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Replacement of the myotonic dystrophy type 1 CTG repeat with ‘non-CTG repeat’ insertions in specific tissues
  1. Michelle M Axford1,2,
  2. Arturo López-Castel1,3,
  3. Masayuki Nakamori4,
  4. Charles A Thornton4,
  5. Christopher E Pearson1,2
  1. 1Genetics and Genome Biology, The Hospital for Sick Children, Toronto, Ontario, Canada
  2. 2Department of Molecular Genetics, University of Toronto, Toronto, Ontario, Canada
  3. 3Valentia Biopharma, Parque Científico de la Universidad de Valencia, Paterna, Spain
  4. 4Department of Neurology, University of Rochester School of Medicine and Dentistry, Rochester, New York, USA
  1. Correspondence to Dr Christopher E Pearson, Genetics and Genome Biology, The Hospital for Sick Children, TMDT Building 101 College Street, 15th Floor, Rm 15-312 East Tower, Toronto, ON M5G 1L7, Canada; cepearson.sickkids{at}


Background Recently, curious mutations have been reported to occur within the (CTG)n repeat tract of the myotonic dystrophy type 1 (DM1) locus. For example, the repeat, long presumed to be a pure repeat sequence, has now been revealed to often contain interruption motifs in a proportion of cases with expansions. Similarly, a few de novo somatic CTG expansions have been reported to arise from non-expanded DM1 alleles with 5–37 units, thought to be genetically stable.

Aims and methods This study has characterised a novel mutation configuration at the DM1 CTG repeat that arose as somatic mosaicism in a juvenile onset DM1 patient with a non-expanded allele of (CTG)12 and tissue specific expansions ranging from (CTG)1100 to 6000.

Results The mutation configuration replaced the CTG tract with a non-CTG repeat insertion of 43 or 60 nucleotides, precisely placed in the position of the CTG tract with proper flanking sequences. The inserts appeared to arise from a longer human sequence on chromosome 4q12, and may have arisen through DNA structure mediated somatic inter-gene recombination or replication/repair template switching errors. De novo insertions were detected in cerebral cortex and skeletal muscle, but not in heart or liver. Repeat tracts with −1 or −2 CTG units were also detected in cerebellum, which may have arisen by contractions of the short (CTG)12 allele.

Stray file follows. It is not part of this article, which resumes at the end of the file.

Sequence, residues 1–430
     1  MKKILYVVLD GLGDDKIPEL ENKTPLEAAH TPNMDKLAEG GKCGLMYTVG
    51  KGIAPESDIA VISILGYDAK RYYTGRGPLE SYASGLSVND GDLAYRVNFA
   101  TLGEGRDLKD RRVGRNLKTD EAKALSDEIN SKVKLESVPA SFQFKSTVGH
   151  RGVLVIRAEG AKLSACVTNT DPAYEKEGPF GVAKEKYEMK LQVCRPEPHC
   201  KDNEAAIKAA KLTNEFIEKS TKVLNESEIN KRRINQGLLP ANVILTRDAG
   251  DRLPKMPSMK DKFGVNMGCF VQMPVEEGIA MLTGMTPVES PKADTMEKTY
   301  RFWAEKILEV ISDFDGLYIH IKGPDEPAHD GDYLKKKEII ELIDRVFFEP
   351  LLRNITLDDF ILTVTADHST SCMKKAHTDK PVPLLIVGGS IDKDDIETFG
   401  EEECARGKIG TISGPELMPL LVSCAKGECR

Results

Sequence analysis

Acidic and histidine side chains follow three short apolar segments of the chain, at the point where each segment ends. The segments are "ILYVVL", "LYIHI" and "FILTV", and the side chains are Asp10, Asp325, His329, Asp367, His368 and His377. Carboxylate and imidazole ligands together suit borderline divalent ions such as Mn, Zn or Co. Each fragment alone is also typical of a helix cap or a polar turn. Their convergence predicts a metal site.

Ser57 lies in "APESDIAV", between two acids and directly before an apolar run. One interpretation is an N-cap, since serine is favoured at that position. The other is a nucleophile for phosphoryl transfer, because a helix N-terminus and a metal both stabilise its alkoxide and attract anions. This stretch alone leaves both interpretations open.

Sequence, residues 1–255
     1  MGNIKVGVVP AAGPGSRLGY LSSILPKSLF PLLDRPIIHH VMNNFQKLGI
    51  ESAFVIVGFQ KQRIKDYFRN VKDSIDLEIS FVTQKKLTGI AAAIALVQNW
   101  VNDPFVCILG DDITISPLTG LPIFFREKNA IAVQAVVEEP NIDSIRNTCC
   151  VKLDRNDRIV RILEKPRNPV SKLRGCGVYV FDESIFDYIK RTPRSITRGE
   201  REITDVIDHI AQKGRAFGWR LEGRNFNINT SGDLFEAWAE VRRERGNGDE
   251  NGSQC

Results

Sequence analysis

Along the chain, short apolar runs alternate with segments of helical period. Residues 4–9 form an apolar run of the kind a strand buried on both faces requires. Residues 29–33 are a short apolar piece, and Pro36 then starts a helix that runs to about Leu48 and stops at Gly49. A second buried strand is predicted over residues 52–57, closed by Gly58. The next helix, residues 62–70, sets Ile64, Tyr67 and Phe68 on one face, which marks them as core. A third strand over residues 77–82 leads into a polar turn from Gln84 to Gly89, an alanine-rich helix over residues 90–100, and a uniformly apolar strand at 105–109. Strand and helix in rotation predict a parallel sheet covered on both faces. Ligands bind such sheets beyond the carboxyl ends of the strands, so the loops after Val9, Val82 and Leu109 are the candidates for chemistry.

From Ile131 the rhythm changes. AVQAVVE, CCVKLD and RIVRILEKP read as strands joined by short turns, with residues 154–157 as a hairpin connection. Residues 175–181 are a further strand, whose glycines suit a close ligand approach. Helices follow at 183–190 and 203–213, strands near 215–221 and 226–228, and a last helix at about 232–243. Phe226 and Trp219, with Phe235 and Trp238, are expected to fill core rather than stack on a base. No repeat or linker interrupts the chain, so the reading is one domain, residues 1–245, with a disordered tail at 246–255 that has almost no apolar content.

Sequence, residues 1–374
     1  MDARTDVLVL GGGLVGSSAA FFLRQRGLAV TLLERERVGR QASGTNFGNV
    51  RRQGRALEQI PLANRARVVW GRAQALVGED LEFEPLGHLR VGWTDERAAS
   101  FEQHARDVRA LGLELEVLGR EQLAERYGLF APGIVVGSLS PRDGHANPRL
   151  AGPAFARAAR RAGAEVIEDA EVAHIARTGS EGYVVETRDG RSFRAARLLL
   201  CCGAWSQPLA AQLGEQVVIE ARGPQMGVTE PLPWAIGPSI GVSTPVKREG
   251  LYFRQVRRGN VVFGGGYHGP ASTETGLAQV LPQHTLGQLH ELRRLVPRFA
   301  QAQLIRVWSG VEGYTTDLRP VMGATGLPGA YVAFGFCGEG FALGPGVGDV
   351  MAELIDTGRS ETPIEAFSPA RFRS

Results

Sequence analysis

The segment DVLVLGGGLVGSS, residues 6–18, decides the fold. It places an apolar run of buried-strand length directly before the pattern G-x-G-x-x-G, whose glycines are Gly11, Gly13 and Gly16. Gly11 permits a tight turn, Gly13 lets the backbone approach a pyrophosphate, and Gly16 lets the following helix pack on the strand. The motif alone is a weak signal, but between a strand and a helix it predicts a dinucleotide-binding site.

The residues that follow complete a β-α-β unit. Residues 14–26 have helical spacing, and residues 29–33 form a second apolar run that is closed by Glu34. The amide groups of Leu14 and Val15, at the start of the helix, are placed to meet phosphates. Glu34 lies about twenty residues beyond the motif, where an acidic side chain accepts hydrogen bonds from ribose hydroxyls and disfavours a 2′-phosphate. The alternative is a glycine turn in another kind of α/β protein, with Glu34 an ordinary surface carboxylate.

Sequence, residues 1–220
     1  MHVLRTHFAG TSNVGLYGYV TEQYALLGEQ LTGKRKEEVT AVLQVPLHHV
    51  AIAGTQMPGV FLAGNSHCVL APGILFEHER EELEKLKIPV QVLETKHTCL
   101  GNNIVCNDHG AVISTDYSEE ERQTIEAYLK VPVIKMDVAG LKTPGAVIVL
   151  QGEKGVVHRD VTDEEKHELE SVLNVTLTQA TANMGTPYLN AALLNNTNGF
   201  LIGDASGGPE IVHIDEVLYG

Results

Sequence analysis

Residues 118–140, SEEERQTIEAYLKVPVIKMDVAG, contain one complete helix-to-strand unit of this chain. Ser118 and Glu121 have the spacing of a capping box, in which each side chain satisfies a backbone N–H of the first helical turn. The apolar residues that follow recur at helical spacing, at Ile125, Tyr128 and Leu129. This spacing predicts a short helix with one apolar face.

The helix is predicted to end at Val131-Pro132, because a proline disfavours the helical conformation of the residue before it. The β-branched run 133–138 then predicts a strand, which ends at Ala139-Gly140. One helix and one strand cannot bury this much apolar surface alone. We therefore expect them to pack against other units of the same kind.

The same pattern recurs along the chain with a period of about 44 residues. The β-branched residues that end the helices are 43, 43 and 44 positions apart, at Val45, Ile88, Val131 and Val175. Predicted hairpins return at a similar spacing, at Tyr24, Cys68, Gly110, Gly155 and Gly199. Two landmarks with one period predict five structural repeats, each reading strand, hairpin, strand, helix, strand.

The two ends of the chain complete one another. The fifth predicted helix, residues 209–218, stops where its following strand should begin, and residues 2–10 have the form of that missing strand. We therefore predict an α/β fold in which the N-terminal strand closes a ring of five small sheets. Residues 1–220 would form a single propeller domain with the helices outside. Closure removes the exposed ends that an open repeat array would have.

Conclusion This non-CTG configuration expands current understanding of the sequence variations that can arise at this hypermutable site.

  • Myotonic dystrophy
  • non-CTG repeat
  • de novo mutation
  • insertions trinucleotide repeats
  • genetics
  • clinical genetics
  • molecular genetics
  • muscle disease
  • neuromuscular disease

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  • MMA and ALC contributed equally.

  • Funding This work was supported by the Canadian Institutes of Health Research (CIHR) (CEP), the Muscular Dystrophy Canada (CEP), by the University of Rochester Paul Wellstone Muscular Dystrophy Cooperative Research Center with support from the NIH (grant U54NS48843) (CEP and CAT), The Muscular Dystrophy Association USA (MDAUSA) (CAT), a Doctoral Training Award from the CIHR Collaborative Graduate Training Program in Molecular Medicine (MMA), and an Ontario Graduate Scholarship (MMA), a postdoctoral fellowship from The Hospital for Sick Children Research Training Centre (ALC), and a postdoctoral fellowships from the MDAUSA and the Cell Science Research Foundation and the Uehara Memorial Foundation (MN). Mutant sequences were deposited to GenBank (accession numbers JF697199, JF697200and JF697201).

  • Competing interests None.

  • Ethics approval This study was conducted with the approval of the University of Rochester.

  • Provenance and peer review Not commissioned; externally peer reviewed.